Just stop buying avocado toast right? Uggh. Spending is personal and sometimes emotionally driven. Oftentimes the advice we receive to cut down on spending isn’t realistic nor particularly helpful.
For this article I wanted to share things that I know have helped either myself or people I know and trust. They’re not meant to be strategies that will make you a millionaire, just tweaks that can potentially add up to something important.
Marie Kondo your shit
Why might getting rid of stuff help you spend less? Because Marie Kondo’s strategy has you organize all of your stuff in a way that you always know what you have because you can actually see it.
Some of the advice she gives gets a little fluffy for me. I’m not going to kiss my extra scissors goodbye. What I love is actually knowing I have scissors so I don’t buy more.
Marie Kondo also gives you tools for being more intentional about what you bring into your home. Once your space is decluttered there’s incentive not to clutter it up again. Personally I found it to be subtle yet significant, especially in buying new clothes.
Since this is a blog about saving I suggest not buying the book – you can use the Overdrive app, youtube or even your local library (totes old school). Then pile all of your shit up and donate or sell it.
Audit your subscriptions
In 2020 the top subscription based consumer apps grossed $13B. That is an ungodly amount of money making its way out of people’s wallets.
I’m personally curious how many of those apps were being actively used by the people paying the subscriptions. More times than I would like to admit I have signed up for a free trial to “save” money and then totally forgotten about it just to end up paying for the damn thing for months.
These payments are so easy to forget about because they’re priced to be small enough to not remember. The threshold I learned working in ecommerce is $20 for impulse purchases. That means that industry as a whole has a lot of data to back up people thinking “ahh it’s just $20” that’s why prices tend to stay below that mark for subscriptions.
Use your freezer
The average US citizen throws away 30-40% of their food every year. Sit with that for a minute, is it true for you? It was true for me.
In dollar value that ends up at an average of $1866 a year per household straight into the garbage. Meanwhile, most Americans can’t cover a $1000 emergency expense.
I read that and all I could think of was the scene in the hunger games where The Capitol citizens are making themselves throw up so they can eat more while the districts go hungry.
And let’s not even get into how fucked up this is for the environment.
Instead let’s focus on what this means for your bank account. If five years ago you had stopped buying food you were going to throw away and instead had invested that money – you would have over $11K sitting pretty right now. In 10 years that would be $31K.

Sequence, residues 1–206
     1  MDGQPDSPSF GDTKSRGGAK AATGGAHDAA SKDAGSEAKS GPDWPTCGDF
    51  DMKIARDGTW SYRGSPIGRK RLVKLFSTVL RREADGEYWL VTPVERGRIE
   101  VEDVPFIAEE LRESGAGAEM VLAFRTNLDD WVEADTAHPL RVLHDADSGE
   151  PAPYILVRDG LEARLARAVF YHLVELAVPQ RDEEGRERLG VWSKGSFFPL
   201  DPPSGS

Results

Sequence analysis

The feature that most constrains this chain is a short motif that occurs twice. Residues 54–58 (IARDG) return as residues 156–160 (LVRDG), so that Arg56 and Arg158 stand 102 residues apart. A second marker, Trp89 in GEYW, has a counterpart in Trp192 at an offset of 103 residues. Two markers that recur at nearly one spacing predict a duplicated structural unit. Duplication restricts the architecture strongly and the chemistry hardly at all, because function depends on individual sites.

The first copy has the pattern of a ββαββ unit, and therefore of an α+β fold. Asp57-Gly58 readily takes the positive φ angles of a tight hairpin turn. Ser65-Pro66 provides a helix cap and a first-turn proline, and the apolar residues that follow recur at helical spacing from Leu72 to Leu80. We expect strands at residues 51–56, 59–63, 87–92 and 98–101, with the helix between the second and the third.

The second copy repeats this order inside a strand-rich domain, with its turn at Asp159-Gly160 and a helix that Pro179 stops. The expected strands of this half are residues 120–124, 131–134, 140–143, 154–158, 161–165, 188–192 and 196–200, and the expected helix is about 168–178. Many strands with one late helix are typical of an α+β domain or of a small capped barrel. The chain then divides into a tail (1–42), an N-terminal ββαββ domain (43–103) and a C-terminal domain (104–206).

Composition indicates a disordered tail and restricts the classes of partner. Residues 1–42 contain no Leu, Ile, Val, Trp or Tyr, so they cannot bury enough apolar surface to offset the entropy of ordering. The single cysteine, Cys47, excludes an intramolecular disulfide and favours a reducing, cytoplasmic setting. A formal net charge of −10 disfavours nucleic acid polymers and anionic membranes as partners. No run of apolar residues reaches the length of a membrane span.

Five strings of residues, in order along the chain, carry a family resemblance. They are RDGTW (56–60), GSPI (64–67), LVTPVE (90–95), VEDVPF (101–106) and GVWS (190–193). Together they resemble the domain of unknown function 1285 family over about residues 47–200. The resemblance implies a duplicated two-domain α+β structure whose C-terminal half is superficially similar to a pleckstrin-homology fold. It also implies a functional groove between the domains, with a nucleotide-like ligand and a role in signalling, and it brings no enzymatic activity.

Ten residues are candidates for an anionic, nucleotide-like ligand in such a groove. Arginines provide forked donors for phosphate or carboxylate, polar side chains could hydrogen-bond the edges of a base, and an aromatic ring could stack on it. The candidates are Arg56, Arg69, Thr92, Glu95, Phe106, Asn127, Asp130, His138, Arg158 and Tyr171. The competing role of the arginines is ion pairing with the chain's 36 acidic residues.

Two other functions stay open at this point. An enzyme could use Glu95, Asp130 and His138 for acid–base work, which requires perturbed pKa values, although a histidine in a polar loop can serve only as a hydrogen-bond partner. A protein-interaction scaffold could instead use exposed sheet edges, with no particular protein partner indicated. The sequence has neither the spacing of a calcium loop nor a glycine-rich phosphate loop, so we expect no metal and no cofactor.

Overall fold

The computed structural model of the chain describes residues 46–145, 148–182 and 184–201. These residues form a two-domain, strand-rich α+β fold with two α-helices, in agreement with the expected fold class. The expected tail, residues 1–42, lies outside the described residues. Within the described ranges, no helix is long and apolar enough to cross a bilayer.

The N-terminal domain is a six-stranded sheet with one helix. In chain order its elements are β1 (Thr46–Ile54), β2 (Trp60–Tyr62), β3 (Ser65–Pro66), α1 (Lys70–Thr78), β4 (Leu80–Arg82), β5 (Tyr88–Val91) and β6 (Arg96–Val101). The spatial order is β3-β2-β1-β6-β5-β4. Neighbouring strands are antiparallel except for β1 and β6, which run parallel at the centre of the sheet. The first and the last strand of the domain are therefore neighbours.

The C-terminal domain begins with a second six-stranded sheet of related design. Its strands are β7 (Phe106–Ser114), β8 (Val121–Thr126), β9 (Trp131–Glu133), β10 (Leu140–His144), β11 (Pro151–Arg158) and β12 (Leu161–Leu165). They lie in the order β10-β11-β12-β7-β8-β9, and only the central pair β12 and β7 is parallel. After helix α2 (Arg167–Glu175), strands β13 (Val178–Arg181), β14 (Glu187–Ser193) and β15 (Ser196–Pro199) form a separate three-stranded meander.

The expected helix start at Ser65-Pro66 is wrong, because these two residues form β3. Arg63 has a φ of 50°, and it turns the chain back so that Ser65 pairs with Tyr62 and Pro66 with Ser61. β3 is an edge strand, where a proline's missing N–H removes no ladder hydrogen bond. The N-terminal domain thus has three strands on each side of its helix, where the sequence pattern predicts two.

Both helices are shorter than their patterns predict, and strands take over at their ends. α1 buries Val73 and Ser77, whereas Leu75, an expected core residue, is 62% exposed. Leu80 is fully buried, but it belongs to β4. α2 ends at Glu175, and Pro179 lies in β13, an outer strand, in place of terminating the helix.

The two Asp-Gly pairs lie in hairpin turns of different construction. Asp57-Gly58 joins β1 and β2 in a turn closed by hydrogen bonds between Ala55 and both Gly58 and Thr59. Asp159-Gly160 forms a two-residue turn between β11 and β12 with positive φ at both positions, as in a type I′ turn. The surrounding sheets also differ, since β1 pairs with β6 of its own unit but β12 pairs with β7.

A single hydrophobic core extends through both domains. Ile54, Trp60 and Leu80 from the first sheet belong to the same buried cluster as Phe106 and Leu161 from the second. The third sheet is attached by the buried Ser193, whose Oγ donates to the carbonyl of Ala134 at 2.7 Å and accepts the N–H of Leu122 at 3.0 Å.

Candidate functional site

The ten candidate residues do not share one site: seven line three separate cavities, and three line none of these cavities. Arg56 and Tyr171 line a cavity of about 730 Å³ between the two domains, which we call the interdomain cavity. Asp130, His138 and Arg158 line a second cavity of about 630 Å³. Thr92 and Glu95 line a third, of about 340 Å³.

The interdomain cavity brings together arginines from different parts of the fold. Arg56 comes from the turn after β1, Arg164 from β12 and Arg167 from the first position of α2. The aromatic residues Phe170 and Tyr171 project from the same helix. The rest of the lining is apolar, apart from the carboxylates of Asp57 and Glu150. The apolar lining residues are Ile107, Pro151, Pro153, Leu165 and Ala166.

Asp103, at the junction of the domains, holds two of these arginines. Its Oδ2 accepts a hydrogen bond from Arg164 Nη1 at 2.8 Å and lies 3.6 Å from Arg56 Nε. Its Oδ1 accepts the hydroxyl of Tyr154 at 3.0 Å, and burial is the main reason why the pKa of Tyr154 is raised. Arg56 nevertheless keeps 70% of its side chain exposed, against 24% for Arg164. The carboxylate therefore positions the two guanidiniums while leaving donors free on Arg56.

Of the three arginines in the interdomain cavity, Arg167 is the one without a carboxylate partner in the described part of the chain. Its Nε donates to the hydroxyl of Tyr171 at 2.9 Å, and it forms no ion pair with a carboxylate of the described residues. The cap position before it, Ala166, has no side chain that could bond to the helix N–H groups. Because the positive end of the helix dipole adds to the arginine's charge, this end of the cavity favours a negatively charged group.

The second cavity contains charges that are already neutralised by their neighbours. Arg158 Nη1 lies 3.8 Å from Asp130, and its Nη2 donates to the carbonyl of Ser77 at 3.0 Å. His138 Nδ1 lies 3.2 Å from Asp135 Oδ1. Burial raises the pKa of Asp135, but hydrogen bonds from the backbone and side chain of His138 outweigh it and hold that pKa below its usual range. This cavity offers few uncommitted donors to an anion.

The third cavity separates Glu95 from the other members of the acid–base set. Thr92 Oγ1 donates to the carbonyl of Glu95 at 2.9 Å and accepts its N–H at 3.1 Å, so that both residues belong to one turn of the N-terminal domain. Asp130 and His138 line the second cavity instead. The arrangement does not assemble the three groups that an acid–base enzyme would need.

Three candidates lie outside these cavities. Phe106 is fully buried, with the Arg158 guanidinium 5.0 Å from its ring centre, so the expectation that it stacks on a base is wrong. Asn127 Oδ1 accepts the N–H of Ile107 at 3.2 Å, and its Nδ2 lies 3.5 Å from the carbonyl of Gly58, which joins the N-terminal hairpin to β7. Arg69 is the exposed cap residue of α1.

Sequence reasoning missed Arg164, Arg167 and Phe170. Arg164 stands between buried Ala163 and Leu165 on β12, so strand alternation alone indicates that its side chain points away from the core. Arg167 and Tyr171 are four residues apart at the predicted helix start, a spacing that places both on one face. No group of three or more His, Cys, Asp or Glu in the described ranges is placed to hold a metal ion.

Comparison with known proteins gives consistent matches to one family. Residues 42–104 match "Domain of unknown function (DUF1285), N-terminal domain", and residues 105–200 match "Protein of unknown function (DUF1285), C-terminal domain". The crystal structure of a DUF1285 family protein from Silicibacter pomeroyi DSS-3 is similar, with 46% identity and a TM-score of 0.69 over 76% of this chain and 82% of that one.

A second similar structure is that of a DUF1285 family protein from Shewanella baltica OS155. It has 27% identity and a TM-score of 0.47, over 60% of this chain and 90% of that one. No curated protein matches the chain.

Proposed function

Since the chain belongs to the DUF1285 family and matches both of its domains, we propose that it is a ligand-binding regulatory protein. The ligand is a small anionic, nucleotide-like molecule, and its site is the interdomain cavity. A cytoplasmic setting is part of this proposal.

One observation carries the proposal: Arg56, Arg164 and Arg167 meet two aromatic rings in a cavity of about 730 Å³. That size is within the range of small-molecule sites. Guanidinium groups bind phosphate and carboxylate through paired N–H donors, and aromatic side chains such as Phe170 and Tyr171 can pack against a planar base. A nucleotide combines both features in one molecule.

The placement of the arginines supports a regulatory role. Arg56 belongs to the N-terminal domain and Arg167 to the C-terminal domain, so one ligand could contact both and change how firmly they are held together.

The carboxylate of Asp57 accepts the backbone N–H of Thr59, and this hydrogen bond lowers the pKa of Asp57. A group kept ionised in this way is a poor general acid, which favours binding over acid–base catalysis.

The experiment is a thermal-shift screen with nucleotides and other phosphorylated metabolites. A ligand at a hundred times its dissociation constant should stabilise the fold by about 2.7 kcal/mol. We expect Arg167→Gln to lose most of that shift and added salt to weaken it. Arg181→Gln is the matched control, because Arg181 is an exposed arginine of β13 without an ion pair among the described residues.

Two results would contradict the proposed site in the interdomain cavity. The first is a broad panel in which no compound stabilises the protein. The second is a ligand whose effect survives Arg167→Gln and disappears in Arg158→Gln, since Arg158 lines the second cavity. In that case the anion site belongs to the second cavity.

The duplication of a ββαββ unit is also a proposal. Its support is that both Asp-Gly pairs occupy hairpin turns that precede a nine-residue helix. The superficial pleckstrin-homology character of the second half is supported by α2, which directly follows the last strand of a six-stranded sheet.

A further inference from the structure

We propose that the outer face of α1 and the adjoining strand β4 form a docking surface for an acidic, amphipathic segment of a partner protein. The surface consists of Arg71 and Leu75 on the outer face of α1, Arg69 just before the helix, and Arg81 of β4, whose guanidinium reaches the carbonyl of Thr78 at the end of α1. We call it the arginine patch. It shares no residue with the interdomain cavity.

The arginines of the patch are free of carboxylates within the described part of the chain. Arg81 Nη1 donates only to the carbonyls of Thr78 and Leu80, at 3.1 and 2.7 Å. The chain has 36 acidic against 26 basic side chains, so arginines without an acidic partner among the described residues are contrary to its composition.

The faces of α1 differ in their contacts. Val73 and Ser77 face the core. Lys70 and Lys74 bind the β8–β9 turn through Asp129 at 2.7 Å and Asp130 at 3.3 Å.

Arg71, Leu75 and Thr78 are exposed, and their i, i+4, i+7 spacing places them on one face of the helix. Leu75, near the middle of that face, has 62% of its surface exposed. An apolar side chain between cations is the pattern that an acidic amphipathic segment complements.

Now if you’re like me, one of the many reasons you throw away so much food is because you get lazy, don’t feel like cooking and order out. Let’s say that happens twice a week and the average cost is $25. Over the course of ten years had that money been invested instead it would be worth $40K.
In this hypothetical scenario we have someone losing out on $70K every decade. That’s bananas.
Enter the freezer – this handy dandy tool which almost all of us have can help you to avoid throwing away food and allow you to have food on hand when you don’t feel like cooking. Just freeze extra food (ok not salads). Boom $70K just from cutting down spending on food that was headed for the trash.
Fall in love with Poshmark
This advice comes from a friend who somehow manages to always look fabulous and also has no debt. What a bitch 🙂
Her advice was to go shopping, find exactly what you want – try it on and everything. Then go home and buy the exact same thing used on Poshmark.
I love this advice for a few reasons –
- It cuts down on spending, without sacrificing quality.
- It keeps clothes out of the dump. 85% of all textiles go in the garbage each year.
- It keeps more clothes from being made – 10% of carbon emissions come from the fashion industry.
The average person spends $161 per month on clothes or $2K per year. Used clothes are significantly cheaper (how cheap depends on how used you want to go…)
Even if you don’t choose to save the money and continue to spend it on clothes, your dollars are going to go further. This means you’re more likely to buy something you like and actually wear it rather than let it sit in a pile until you get frustrated and donate or toss it.
And the most impactful way to cut down on spending? Say no.
I can’t take credit for this advice, it comes from The Budgetnista. It is my favorite financial saving advice and it is also the one that is a continuous struggle for me.
The story The Budgetnista tells is how she would go to brunch all the time with her girlfriends. She finally realized that brunch was her friends’ love, not hers, so she started saying “no” to the invites and stashing away the money saved towards things that really were her loves.
Before the pandemic I was out on the town all the time. When quarantine hit, like many people, it was a moment of reckoning for me and my lifestyle. It turns out I’m much more introverted than I ever realized. All this time I had been spending money on outings I didn’t really want to do.
As things are opening up, I’m trying to figure out how to find balance between reconnecting with the people I love and not burning out on energy and funds.
I think it will be a lifelong journey to learn when to say no and when to head out the door.
Have any techniques to cut down on spending that have worked for you? Please do share below![/et_pb_text][/et_pb_column][/et_pb_row][/et_pb_section]